What Do You Do When Your Boyfriend Starts Getting on Your Nerves?

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No matter how good your relationship is, expect to have a little over two arguments per week, says Sally Lloyd, an Assistant Professor at the University of Utah, in her article in the journal “Family Relations.” Knowing how to navigate through these inevitable periods can be the difference between strengthening your relationship by working through conflicts or ending up in damaging screaming matches. With the right tips and strategies, you can calmly make your way through your next irritated moment.

Silence is Golden

Sometimes saying nothing is better than straining your voice and relationship by complaining repeatedly about the same annoying habits. Remaining silent doesn’t necessarily show weakness, says Marcia Reynolds in “How To Deal With Annoying People” on Psychology Today. Instead, your silence could reflect thoughtfulness. For example, you could use your silence as a moment to reflect on how your reactions could be contributing to his behaviors. If your boyfriend keeps repeating himself, perhaps he doesn’t feel heard by you. Alternatively, use your silence to take a deep breath and release tension from your body. He may be getting on your nerves because you feel stressed out.

Be Understanding

Choosing to be tolerant and forgiving when your boyfriend is being irritating is a loving way to react to whatever is annoying you. Remind yourself that no relationship or person is without flaws. And then move on. If the issue is something that repeatedly gets under your skin, then you may want to tell him about it. Try broaching the subject later, when you are calm and have stopped feeling annoyed. Perhaps no one has ever given him feedback that his tendency to interrupt is irritating, for example. Try to discuss the matter in a non-blaming way by focusing on how his behaviors make you feel.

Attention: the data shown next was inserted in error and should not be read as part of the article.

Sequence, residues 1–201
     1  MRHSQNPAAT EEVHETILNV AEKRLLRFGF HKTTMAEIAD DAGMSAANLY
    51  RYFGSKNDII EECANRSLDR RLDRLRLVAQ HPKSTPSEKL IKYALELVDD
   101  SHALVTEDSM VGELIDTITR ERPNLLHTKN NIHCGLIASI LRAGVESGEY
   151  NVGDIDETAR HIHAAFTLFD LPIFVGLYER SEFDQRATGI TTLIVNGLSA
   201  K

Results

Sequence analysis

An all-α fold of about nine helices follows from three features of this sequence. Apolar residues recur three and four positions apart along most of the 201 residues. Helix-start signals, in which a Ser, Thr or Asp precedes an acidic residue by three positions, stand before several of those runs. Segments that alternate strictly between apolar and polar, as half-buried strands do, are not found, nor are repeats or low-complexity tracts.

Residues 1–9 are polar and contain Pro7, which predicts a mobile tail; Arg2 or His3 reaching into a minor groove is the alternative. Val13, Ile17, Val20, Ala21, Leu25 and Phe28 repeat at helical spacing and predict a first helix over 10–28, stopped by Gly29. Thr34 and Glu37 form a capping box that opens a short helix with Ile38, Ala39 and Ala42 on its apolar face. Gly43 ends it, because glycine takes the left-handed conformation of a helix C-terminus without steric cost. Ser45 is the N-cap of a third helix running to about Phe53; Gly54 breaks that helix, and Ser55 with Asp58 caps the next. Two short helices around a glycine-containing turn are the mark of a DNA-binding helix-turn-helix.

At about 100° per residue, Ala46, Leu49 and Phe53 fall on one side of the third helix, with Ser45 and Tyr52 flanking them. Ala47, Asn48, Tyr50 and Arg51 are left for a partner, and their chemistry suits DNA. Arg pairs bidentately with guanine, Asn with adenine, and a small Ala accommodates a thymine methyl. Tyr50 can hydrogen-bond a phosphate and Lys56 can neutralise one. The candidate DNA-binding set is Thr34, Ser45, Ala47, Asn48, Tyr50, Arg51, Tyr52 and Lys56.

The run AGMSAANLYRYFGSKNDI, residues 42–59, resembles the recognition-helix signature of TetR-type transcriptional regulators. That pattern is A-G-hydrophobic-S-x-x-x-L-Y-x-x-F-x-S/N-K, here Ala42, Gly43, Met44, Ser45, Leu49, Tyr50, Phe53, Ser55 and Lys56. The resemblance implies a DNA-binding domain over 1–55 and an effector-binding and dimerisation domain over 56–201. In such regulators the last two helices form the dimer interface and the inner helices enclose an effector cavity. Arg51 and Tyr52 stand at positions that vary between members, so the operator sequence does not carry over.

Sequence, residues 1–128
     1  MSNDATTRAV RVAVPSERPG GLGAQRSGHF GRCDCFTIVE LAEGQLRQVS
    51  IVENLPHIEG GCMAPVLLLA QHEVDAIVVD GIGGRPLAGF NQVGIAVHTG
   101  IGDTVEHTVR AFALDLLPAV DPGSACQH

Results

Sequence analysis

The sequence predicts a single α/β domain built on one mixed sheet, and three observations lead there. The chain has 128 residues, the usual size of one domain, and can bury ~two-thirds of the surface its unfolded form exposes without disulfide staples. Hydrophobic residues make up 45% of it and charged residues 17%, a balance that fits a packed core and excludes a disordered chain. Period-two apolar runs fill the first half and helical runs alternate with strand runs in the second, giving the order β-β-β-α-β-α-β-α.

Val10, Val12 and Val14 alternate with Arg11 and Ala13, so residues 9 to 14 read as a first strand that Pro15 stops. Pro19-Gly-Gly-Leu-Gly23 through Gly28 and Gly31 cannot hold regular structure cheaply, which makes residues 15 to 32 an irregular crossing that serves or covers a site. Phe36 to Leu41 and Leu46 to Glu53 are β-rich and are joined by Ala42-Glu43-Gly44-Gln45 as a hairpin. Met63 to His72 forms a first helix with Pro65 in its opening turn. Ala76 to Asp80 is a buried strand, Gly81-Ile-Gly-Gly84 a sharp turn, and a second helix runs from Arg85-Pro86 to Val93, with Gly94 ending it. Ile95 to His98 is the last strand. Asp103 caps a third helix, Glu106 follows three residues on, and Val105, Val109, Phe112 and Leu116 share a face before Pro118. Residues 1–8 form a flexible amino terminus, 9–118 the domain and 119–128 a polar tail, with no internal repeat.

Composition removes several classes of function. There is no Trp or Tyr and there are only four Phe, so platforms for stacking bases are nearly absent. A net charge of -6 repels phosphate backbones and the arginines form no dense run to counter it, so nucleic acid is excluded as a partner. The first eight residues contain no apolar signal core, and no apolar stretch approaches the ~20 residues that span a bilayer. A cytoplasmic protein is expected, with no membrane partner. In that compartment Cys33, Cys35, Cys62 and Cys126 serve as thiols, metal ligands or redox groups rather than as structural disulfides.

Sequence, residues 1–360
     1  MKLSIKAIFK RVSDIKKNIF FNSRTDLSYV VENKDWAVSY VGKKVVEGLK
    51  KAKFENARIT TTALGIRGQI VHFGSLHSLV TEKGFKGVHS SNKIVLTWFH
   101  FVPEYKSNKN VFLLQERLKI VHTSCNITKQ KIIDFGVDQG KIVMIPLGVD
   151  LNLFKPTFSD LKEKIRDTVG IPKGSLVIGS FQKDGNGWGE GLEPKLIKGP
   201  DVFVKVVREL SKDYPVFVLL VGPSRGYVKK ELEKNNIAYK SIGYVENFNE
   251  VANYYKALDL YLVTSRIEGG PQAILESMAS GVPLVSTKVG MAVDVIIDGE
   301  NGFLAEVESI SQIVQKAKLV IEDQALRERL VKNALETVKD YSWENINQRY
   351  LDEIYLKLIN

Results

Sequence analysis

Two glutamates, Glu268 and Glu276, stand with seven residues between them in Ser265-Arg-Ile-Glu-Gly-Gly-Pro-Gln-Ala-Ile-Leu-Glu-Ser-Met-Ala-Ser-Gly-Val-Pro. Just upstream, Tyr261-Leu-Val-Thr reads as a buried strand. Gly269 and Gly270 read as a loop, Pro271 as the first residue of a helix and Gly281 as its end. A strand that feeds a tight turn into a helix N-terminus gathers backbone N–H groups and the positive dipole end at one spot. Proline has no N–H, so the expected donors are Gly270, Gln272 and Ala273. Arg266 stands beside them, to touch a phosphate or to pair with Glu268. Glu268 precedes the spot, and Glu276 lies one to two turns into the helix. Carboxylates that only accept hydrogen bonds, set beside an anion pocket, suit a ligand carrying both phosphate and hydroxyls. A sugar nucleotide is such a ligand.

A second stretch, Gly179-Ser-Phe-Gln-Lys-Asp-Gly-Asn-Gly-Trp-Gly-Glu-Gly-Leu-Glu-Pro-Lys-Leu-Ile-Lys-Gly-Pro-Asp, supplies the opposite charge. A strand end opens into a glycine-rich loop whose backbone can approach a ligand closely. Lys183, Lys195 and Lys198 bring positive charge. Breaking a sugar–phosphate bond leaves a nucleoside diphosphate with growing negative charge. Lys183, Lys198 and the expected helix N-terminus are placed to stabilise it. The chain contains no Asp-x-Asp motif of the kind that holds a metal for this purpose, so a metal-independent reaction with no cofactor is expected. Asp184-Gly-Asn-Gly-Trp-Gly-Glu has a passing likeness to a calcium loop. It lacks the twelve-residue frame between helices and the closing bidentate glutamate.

Plan Ahead

If you have picked up on the things that your boyfriend does that annoy you, you can formulate a strategy to avoid the situation escalating. Avoid certain topics that will aggravate you, suggests Hara Estroff Marano in an article, “Difficult People: The High Art of Handling Problem People” in Psychology Today. If the long hours he spends at work are a problem, talk about something else. If you know that you get annoyed by him trying to solve a problem instead of listening, state from the beginning that you want his understanding not his heroism.

Distract Him

Distraction is a commonly used strategy for conflict resolution Shirley Feldman and Kris Gowen discovered in their study published in the “Journal of Youth and Adolescence.” Find something to do that will get your mind off the current situation and remove his attention off of his conscious or unconscious habit that you find annoying. Suggest playing a game you both love or engaging in a hobby you both enjoy, such as a card game or gazing at the stars. Or engage in a solo distraction technique by focusing your energy on the things you find endearing about him despite his irritating behavior, such as his dimples and the quirky way he tells a story.